Goodbye Steve – Thanks for the Apple computers

Thursday, 6 October, 2011

Goodbye Steve. Even we disagreed in a few things, but I have fond memories of my Apple computers and I’m happy that I never have to buy a PC for home use.

http://en.wikipedia.org/wiki/Apple_II_series#Apple_II (started with a tape recorder and later installed a 128K Ram disk)
http://en.wikipedia.org/wiki/Mac_Portable
http://en.wikipedia.org/wiki/Macintosh_Quadra_660AV
http://en.wikipedia.org/wiki/TiBook#Titanium_PowerBook_G4
http://en.wikipedia.org/wiki/Power_Mac_G5
http://en.wikipedia.org/wiki/MacBook_Pro


Woz’s Guided Tour of Computing History – “Revolution: The First 2000 Years of Computing”

Sunday, 5 December, 2010

Highly recommended.

– Woz goes hands-on with technology relics [cNet with video]

– Apple co-founder Steve Wozniak is a Silicon Valley treasure [Mercury News]

– A Guided Tour of Computing History – Steve Wozniak shows us around the Computer History Museum’s first truly full-blown permanent exhibit: “Revolution: The First 2000 Years of Computing” [PC World]


Made in China – World’s fastest supercomputer

Thursday, 28 October, 2010

China has used Intel and Nvidia technologies to build the world’s fastest supercomputer Tianhe-1A, at the National University of Defence Technology in Tianjin.

– Defense university builds China’s fastest supercomputer, Xinhuanet

“The title has gone to China’s Tianhe-1A supercomputer that is capable of carrying out more than 2.5 thousand trillion calculations a second.

To reach such high speeds the machine draws on more than 7,000 graphics processors and 14,000 Intel chips.

[…] Tianhe-1A is unusual in that it unites thousands of Intel processors with thousands of graphics cards made by Nvidia.

The chips inside graphics cards are typically made up of small arithmetical units that can carry out simple sums very quickly. By contrast, Intel chips are typically used to carry out more complicated mathematical operations.

The machine houses its processors in more than 100 fridge-sized cabinets and together these weigh more than 155 tonnes.”

– China claims supercomputer crown, BBC News

– China builds world’s fastest supercomputer, UK Telegraph

Is China a supercomputer threat? (Q&A), CNet


Memory Express Richmond store grand opening

Sunday, 3 October, 2010

Memory Express Richmond store grand opening 20101003

I want to congratulate the very capable Ngo brothers for launching another Memory Express store, this time in Richmond, BC, their seventh store at the moment. Check out this video interview I did about 2 years ago, “Exploring the successful Memory Express – Chat with co-founder Minh Ngo“. It is wonderful and exciting to see the brothers growing their business from one tiny store to a large chain with seven stores over the years. I think what the brothers have done and achieved can be inspiring for Canadian entrepreneurs.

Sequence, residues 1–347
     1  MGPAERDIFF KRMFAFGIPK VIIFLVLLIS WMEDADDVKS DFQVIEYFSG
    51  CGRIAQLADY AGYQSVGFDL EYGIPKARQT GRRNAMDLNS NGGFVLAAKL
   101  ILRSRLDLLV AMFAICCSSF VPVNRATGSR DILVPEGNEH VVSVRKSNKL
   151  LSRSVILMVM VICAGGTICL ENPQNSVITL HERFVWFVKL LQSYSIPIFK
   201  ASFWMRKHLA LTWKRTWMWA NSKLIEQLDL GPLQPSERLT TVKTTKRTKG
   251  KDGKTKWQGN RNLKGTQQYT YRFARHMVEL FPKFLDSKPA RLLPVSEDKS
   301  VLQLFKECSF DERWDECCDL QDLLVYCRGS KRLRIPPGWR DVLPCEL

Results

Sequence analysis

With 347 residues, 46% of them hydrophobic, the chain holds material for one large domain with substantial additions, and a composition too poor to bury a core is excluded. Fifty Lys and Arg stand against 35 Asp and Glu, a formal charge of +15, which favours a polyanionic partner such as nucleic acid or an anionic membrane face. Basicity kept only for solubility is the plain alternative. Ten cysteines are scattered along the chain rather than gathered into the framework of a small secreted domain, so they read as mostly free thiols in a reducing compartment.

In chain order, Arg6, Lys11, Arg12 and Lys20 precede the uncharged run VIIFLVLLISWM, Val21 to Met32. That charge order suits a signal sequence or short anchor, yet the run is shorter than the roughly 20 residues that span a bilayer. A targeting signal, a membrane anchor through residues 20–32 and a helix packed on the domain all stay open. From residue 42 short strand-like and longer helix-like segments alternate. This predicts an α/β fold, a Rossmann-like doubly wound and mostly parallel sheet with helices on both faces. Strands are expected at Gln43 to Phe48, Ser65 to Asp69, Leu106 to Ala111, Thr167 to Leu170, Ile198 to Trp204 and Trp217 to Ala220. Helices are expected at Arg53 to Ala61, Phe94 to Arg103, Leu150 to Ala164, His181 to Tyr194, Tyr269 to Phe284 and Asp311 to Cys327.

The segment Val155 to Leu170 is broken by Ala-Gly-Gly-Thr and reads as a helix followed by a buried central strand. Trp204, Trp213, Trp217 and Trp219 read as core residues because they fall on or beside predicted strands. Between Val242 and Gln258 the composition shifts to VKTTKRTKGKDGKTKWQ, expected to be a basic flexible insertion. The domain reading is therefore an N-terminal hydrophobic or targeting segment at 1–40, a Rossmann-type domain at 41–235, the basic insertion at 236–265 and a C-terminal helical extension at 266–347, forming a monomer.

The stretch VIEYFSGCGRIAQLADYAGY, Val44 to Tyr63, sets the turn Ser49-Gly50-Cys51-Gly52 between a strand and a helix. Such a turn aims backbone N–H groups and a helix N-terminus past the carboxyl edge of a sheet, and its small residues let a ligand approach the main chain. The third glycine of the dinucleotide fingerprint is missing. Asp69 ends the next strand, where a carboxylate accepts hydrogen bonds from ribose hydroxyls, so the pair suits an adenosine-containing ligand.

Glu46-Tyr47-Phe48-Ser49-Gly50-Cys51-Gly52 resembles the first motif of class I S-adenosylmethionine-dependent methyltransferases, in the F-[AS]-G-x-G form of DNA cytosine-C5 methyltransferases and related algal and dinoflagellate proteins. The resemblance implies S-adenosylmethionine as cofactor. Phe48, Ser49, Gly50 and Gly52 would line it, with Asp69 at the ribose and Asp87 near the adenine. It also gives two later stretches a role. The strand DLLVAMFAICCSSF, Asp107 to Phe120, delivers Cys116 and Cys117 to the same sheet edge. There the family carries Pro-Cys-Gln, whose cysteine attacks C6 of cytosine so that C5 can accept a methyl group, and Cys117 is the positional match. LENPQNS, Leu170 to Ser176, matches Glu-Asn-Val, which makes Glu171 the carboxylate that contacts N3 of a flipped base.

By the way, I like Mihn and the brothers so do check out their grand opening sale this weekend (Saturday Oct 2nd & Sunday Oct 3rd, 2010) at the Richmond and other stores.


Human and computer translation

Monday, 15 March, 2010

From The Economist, “The many voices of the web – The internet: New combinations of human and computer translation are making web pages available in foreign languages“. The following is an excerpt (emphasis added),

“This fantasy is still just that, but bits of it are starting to look plausible. Start with the translation part. Thanks to the internet, this is now a relatively flexible and cheap process. At the base of the translation hierarchy are free services offered by Google and others. Such services “learn” by analysing collections of documents that have been translated by humans, such as the records of the European Parliament, which are translated into 11 different languages. These collections are so big, and the machines that analyse them so powerful, that automatic translation (known in the jargon as “machine translation”) can usually convey the gist of a text, albeit it in a slightly garbled manner. Google and its rivals focus on widely spoken tongues, but academics are working on machine-translation services for more obscure languages.

An army of volunteer translators occupies the next level up in the hierarchy. Several prominent English-language publications, including this newspaper, are regularly translated into Mandarin by groups of unpaid volunteers for the benefit of other readers (see ecocn.org/bbs). More formal projects also exist. Read the rest of this entry »


%d bloggers like this: